Useful experience for boat builders includes:
- boating experience
- construction experience, especially carpentry, plumbing and electrical
- engineering experience
- experience in panel beating and painting.
Boat builders need to be reasonably fit and healthy. They also need to be comfortable with heights and working in confined spaces.
Find out more about training
- NZ Marine and Composites Industry Training Organisation
- (09) 360 0056 - firstname.lastname@example.org - www.nzmacito.org.nz
Check out related courses
What are the chances of getting a job?
Opportunities for boat builders are good due to increased demand nationally and internationally for commercial vessels, super yachts and trailer boats, and the refitting and maintenance of boats.
New Zealand is recognised globally for innovations in boat building technology and its high quality of work, which means boat builders are in demand here and overseas. This demand means it can sometimes be difficult for employers to find skilled staff, so many take on apprentices.
According to New Zealand Marine and Composites Industry Training Organisation, there has been a 55% rise in the number of boat builders in the last three years. There are currently around 8000 people working in the boat building and composites industry.
This job can be affected by economic conditions. A downturn in the economy could lower the demand for boat builders.
America's Cup may increase boat builder demand
The recent America's Cup win will further enhance New Zealand's boat building reputation. This is expected to increase demand for boats and skilled boat builders.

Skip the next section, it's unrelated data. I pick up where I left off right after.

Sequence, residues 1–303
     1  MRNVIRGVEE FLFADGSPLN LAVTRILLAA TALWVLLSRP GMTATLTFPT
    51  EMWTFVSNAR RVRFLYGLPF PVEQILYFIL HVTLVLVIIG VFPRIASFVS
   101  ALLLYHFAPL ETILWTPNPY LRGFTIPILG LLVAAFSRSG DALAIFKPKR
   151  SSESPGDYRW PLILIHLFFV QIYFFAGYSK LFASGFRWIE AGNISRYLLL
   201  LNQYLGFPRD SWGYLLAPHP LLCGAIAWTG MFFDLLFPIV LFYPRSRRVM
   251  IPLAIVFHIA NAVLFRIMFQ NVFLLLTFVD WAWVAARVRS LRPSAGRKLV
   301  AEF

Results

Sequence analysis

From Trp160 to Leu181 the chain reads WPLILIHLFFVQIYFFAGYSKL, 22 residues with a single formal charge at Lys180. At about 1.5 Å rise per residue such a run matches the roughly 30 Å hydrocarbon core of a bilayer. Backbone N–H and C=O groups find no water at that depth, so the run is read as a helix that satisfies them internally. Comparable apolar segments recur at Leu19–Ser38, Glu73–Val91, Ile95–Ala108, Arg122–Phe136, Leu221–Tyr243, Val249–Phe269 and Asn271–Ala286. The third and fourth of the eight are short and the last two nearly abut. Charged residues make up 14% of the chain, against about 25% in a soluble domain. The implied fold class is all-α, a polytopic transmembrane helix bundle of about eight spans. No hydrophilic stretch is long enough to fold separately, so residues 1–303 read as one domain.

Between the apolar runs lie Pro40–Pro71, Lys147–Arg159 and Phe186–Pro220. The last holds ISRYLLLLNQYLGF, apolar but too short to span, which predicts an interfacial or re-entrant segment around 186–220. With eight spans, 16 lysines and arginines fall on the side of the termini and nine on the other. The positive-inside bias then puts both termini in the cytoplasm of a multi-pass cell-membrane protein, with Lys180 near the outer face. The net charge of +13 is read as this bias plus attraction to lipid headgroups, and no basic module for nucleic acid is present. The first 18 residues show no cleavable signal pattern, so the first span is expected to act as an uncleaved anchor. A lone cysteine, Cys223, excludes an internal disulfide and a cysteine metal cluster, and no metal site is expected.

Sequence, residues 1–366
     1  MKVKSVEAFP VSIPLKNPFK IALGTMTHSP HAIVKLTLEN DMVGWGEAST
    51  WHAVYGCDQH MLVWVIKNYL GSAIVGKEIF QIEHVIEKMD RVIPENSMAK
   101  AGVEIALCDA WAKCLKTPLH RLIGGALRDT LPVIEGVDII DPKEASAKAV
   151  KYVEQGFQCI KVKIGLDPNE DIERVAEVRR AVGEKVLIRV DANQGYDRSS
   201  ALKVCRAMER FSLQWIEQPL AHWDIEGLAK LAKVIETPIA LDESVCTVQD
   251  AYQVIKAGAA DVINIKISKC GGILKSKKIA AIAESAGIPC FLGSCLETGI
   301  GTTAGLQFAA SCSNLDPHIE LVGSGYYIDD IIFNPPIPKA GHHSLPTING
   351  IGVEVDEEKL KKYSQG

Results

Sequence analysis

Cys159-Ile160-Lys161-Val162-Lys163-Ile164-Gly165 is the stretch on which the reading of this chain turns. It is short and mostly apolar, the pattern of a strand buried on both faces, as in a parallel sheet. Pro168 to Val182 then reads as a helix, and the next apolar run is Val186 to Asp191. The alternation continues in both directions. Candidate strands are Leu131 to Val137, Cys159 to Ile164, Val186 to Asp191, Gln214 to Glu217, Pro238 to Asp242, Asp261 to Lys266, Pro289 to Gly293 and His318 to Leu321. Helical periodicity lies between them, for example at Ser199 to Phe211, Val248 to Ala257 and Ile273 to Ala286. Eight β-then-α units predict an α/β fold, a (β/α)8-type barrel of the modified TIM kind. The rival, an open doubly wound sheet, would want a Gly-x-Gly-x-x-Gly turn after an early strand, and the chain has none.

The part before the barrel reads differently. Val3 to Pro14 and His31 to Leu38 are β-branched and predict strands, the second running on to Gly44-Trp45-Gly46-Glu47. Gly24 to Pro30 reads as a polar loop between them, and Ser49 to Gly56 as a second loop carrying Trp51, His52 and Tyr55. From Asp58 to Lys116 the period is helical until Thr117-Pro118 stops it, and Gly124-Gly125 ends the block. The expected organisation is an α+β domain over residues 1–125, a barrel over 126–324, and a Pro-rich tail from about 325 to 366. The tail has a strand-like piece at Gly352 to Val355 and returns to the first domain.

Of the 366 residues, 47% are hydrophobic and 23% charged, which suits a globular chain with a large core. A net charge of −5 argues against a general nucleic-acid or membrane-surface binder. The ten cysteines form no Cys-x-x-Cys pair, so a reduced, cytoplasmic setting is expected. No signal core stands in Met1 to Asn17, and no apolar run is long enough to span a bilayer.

Types of employers varied
Boat builders can work for a range of employers, including companies that build, refit, service or maintain:
- yachts and super yachts
- launches and sail boats
- fishing, commercia and rescue craft
- trailer boats
- inflatable boats, dinghies and other small pleasure craft
- marina operations.
There are around 1000 marine industry employers throughout New Zealand.
- Gibson, A, 'Billion-dollar Territory? Big Gain for NZ from America's Cup Hosting, City Chief Predicts', 27 June 2017, (www.nzherald.co.nz).
- McKechnie, I, 'Economic Benefits of 36th America's Cup to NZ Expected to be Profound', 29 September 2017, (www.nzmarine.com).
- Ministry of Business, Innovation and Employment, 'Occupation Outlook - Boat Builders and Designers', accessed October 2017, (www.mbie.govt.nz).
- New Zealand Herald, 'Boat Builders Eagerly Await New America's Cup Rules', 22 July 2017, (www.nzherald.co.nz).
- New Zealand Marine and Composites Industry Training Organisation website, accessed October 2017, (www.nzmacito.org.nz).
- Shaw, A, 'Emirates Team New Zealand and Oracle Boats both largely Built in New Zealand', 23 June 2017, (www.nzherald.co.nz).
- Theunissen, M, '40 America's Cup Boat Builders Let Go', 28 June 2017, (www.nzherald.co.nz).
- Tupou, L, 'America's Cup Win to Spark Boat Building Boom', 28 June 2017, (www.radionz.co.nz).
- van der Hor, C, general manager, New Zealand Marine and Composites Industry Training Organisation, Careers Directorate - Tertiary Education Commission interview, October 2017.
(This information is a guide only. Find out more about the sources of our job opportunities information)
Progression and specialisations
Boat builders may progress to set up their own boat building or repair business, or move into management or training roles.
With further training, boat builders may progress to become naval architects or marine designers.
Boat builders may specialise in:
- chandlery (selling boats and boating equipment)
- marine coatings such as painting
- marine interiors such as furnishings
- marine systems engineering, such as electrical wiring
- production boat building (boats built on an assembly line)
- trailer boat rigging
- yacht rig structures such as spar making, rigging and sailmaking.
Last updated 6 March 2019